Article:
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I am trying to understand the output voltage of a circuit made using LT3014 LDO regulator.

Datasheet: https://www.analog.com/media/en/technical-documentation/data-sheets/3014fd.pdf

The circuit is pretty simple. Input is 28V, and ADJ pin is connected to GND, which is a little confusing. What will the output voltage be in such a case? On the output is a 7.5 Ohm load resistor through which it is connected to a pressure sensor.

While I am asking for this specific regulator here, I believe there is a fundamental thing that I am perhaps missing.

Could anyone please help?

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This is a typical application diagram of the LT3014:

enter image description here

The regulator regulates the output voltage by regulating its pass transistor (between IN and OUT) such that at the ADJ pin there's a voltage of 1.22 V ("ADJ pin voltage" in table on page 3 in the datasheet). The output voltage gets to the ADJ pin through a voltage divider (the 3.92M and 1.27M resistors).

If you ground the ADJ pin then the regulator will "think" that the output voltage is very low. The regulator will then fully open its pass transistor in an attempt to increase the output voltage. So the output voltage will be only slightly lower than the input voltage. Also no voltage regulation will occur, the regulator will behave more or less like a resistor between IN and OUT.

So grounding the ADJ output isn't very useful as the result will be very similar to just leaving out the regulator.

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  • \$\begingroup\$ Thank you so much. Before I accept this as the answer, one quick clarification: Does it mean output voltage will be Vin - Vdropout? Regarding your point of leaving out the regulator, it makes sense, but I understood that this regulator has been used purposefully as it prevents reverse current flow from output to input as required for this application. \$\endgroup\$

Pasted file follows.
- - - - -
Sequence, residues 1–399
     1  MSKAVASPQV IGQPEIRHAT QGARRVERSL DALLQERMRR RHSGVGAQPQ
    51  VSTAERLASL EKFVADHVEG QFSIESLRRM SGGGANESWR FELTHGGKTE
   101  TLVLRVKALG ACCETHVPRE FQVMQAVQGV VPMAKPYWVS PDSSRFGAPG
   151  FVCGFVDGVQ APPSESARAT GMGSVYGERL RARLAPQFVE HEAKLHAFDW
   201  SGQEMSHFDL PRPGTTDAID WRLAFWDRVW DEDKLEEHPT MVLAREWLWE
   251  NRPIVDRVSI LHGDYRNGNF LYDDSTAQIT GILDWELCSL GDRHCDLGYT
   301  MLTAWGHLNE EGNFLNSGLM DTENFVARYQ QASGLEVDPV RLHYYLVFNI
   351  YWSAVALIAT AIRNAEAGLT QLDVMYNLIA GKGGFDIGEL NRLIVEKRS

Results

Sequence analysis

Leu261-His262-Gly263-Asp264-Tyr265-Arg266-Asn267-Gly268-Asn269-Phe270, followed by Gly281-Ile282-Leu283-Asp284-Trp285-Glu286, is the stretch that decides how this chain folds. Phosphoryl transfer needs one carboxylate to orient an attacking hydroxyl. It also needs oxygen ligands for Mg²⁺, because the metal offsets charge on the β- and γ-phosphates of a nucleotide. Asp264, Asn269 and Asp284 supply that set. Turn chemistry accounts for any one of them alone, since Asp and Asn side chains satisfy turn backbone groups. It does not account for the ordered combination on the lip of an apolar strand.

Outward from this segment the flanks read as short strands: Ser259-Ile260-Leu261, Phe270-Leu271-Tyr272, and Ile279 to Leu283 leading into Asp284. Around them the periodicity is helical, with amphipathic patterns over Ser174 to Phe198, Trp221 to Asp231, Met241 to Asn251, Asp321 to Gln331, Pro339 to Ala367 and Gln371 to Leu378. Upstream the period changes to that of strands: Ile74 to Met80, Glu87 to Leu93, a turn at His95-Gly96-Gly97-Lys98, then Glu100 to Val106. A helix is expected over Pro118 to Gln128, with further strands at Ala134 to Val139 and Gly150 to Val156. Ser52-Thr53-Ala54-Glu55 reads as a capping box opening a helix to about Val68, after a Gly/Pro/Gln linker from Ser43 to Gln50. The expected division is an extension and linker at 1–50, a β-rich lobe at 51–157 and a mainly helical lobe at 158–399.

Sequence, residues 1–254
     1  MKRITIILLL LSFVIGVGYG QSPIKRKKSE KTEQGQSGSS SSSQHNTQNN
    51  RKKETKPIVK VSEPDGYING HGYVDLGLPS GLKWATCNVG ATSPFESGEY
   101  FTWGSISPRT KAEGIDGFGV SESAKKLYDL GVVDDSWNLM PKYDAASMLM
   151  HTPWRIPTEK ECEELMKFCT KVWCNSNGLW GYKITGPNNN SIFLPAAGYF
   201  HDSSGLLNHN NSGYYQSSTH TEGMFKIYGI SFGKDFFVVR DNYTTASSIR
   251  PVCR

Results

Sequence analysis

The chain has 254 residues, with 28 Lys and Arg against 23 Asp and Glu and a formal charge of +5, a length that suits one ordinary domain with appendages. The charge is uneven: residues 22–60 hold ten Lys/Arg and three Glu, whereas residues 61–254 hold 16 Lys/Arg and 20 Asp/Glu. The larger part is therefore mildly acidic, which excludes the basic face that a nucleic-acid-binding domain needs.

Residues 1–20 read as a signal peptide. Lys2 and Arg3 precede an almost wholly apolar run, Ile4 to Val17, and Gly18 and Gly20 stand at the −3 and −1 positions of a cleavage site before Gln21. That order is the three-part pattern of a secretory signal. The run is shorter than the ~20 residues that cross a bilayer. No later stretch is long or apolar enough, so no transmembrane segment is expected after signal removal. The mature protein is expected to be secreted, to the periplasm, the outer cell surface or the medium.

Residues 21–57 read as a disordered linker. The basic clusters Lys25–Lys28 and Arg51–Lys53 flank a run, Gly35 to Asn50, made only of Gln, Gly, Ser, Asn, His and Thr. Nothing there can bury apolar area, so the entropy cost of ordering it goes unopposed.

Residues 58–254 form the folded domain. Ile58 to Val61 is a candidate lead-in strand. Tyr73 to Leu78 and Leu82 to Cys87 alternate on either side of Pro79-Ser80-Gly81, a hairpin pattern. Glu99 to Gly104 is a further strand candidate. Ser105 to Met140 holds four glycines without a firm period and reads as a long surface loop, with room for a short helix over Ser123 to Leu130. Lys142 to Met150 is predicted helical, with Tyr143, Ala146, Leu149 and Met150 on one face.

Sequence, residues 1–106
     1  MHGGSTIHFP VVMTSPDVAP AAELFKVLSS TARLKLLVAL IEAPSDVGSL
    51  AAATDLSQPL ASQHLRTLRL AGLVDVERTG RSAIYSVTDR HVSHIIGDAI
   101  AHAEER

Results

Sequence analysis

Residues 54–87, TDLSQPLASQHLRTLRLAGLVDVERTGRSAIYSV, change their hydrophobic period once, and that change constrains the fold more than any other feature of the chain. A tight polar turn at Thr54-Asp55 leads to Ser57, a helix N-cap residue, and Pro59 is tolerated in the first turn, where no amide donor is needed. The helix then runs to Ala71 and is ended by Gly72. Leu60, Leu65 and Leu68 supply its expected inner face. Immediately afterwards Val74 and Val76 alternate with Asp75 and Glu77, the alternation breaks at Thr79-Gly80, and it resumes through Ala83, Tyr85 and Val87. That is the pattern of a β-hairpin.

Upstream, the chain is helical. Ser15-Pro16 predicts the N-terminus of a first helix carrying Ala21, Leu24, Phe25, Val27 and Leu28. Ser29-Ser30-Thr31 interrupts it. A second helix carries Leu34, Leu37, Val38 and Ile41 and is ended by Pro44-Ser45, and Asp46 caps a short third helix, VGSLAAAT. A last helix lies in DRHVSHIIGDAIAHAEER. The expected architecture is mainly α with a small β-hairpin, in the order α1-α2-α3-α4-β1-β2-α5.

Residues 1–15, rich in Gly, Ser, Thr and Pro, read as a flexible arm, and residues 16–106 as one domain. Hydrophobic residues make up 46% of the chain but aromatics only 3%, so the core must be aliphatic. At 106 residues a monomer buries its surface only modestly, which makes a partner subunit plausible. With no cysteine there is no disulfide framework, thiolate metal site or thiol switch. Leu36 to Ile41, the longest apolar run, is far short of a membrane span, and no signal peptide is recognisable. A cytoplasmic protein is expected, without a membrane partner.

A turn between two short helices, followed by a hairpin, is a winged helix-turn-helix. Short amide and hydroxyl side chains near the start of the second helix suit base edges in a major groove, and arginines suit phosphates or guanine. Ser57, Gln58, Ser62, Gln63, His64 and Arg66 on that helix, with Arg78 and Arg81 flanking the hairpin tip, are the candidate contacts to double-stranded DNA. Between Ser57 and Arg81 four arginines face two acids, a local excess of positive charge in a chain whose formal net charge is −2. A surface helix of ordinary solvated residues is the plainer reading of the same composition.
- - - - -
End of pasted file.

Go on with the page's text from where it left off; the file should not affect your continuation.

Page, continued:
– LoveEnigma
    Sep 21, 2020 at 6:05
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    \$\begingroup\$ Yes, the output voltage will be somewhat less than Vin - Vdropout. Slightly less because the regulator can still "regulate" when there is Vdropout across it. The regulator must then still be able to decrease and increase its resistance (between IN and OUT) so it cannot work at its lowest resistance. When ADJ is grounded, it will be at its lowest resistance so you get a little less voltage drop. Indeed for reverse current flow protection this could be a solution although this IC would not be my choice as the datasheet doesn't mention that usage case specifically. \$\endgroup\$ Sep 21, 2020 at 6:11
  • \$\begingroup\$ Okay, thank you for the clarification. Unfortunately, I can't change this IC due to various reasons which are out of my control. \$\endgroup\$
    – LoveEnigma
    Sep 21, 2020 at 6:22

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